Empowerment  comes with treating employees like responsible adults who know their business.  It’s the trust you place in your employees to do their jobs right – without micromanaging.  It comes with providing challenging work that keeps employees interested, develops their skills, and uses their knowledge.  Help your employees grow:  with mentoring and training, with stipends for continuing education, or with the flexibility to allow for non-traditional career paths.  In short, when you provide your employees with meaningful work in a setting where they know where they stand in achieving the company mission, you are providing empowerment.

Trust  needs to be developed from the other direction, as well.  Employees need to know they can trust management.  Building trust can be a matter of sharing information.  Open communication with your employees, just as in your personal day-to-day relationships, is how you build trust.  If you can, allow your employees a say in how your business operates.  I’m not suggesting that you abdicate to the masses, but I am saying that listening to ideas from your employees, digesting them, and then implementing the sound ones is a trust building endeavor.  Finally, build trust with your employees by being a good citizen of your community and of the world.  Do good deeds together, and reap the reward of a stronger relationship.

Fairness  is a multi-faceted trait of a great place to work.  It comes with offering competitive pay and benefits.  It comes with recognizing that your employees have a work-life balance to achieve and helping them do it.  Perhaps you have generous leave policies, or you trust that your employees will get their job done when they want to take off for an hour to do reading time for their child’s class.  Fairness is also reflected in recognizing and rewarding excellence.  Nothing is quite so infuriating (and loyalty busting) as watching the mediocre get rewarded with praise or bonuses the same as the star employee.  The fair employer also uses mistakes as opportunities to grow, where possible.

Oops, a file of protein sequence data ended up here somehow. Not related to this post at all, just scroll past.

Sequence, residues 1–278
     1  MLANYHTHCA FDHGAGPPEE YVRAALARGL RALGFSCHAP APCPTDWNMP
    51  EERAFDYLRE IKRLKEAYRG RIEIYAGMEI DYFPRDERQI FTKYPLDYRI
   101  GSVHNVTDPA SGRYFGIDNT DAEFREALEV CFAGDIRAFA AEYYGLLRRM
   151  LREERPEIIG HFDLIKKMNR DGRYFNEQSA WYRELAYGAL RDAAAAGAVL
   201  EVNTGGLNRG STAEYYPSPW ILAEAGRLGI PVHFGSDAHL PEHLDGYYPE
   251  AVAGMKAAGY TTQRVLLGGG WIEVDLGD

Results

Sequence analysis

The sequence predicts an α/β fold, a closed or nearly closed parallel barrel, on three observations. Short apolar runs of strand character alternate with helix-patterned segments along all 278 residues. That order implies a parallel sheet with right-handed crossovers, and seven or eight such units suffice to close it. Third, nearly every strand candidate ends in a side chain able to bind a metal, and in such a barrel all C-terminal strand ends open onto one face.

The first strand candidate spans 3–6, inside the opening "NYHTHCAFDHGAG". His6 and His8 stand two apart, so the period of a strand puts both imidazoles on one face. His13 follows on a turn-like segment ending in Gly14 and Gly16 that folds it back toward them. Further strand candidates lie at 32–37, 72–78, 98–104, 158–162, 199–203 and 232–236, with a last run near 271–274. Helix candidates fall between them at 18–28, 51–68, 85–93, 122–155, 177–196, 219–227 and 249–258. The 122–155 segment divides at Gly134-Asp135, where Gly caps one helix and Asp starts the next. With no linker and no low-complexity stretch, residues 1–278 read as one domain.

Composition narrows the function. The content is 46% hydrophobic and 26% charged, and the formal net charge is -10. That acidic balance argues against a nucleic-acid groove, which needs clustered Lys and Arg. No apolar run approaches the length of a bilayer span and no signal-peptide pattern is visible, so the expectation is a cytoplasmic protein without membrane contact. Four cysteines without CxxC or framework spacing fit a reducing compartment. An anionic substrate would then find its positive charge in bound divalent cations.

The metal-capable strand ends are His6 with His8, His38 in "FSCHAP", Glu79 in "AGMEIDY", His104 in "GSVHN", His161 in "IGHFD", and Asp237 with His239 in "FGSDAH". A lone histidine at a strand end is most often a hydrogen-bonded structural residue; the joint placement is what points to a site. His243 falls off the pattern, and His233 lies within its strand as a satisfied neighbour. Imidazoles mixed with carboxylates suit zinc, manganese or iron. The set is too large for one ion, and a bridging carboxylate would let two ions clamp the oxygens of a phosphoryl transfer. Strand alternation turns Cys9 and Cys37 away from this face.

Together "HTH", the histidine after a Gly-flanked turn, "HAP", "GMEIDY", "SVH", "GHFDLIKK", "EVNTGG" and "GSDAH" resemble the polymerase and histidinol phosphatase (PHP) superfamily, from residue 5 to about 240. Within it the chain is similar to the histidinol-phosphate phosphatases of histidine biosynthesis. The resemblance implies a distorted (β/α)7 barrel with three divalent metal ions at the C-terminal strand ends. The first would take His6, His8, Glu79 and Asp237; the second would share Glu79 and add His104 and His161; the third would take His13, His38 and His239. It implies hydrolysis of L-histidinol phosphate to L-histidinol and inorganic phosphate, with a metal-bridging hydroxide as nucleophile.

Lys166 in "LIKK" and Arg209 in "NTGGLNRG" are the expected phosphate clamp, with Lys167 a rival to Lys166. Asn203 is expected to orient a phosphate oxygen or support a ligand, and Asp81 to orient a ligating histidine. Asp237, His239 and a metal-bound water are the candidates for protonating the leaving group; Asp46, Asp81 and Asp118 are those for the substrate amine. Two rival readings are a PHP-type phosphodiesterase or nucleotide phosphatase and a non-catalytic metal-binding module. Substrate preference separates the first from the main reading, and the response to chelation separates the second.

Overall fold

Esprit de Corps  at my firm, for example, has been reduced to a concept called “No Jerks.”  At Google, it’s called “Googleyness.”  You want to build the right culture for your business, and then, hire people who are a good fit for your culture.  Great people are going to be different for every business.  Build camaraderie through teamwork across departments, through fun activities, or through sharing time in non-work settings.  If you like the people you work with, you’re going to like going to work that much more.

It doesn’t take fancy packaging or even a lot of money to be a great place to work.  But, it does take trust and fairness.  It also takes empowerment and that right esprit de corps.  In my view, we can all be Googley – just in our own special ways.  I would love to hear more about how Googley your place of work is.


Celebrate Earth Day (April 22) year-round with these green workplace ideas.  A few of these changes may only be able to be implemented one day a year.  Others might be things you can work up to doing once a month, or even eventually once a week.  There may even be a few suggestions on this list you can start now and make a lifelong practice of your business or workplaces.

Saving Energy

We’ve all seen the energy efficient light bulbs at the store.  If you’re not using them, you should be. states that, if every American replaced one regular bulb with an Energy Star efficient bulb, greenhouse gas emissions would be reduced by 9 billion pounds – the equivalent of emissions from 800,000 cars!  So, this Earth Day, try making the switch to compact fluorescent (CFL) bulbs where feasible in the workplace.

Better still, turn stuff off at the end of the day.  Then, unplug it.  This goes for computers, coffee makers, fax machines, copiers, and any other electronics you have around the office.  Not only will this save electricity – it can save big bucks.  You can make this easier by investing in power strips so you can save money and the environment with the flip of a switch.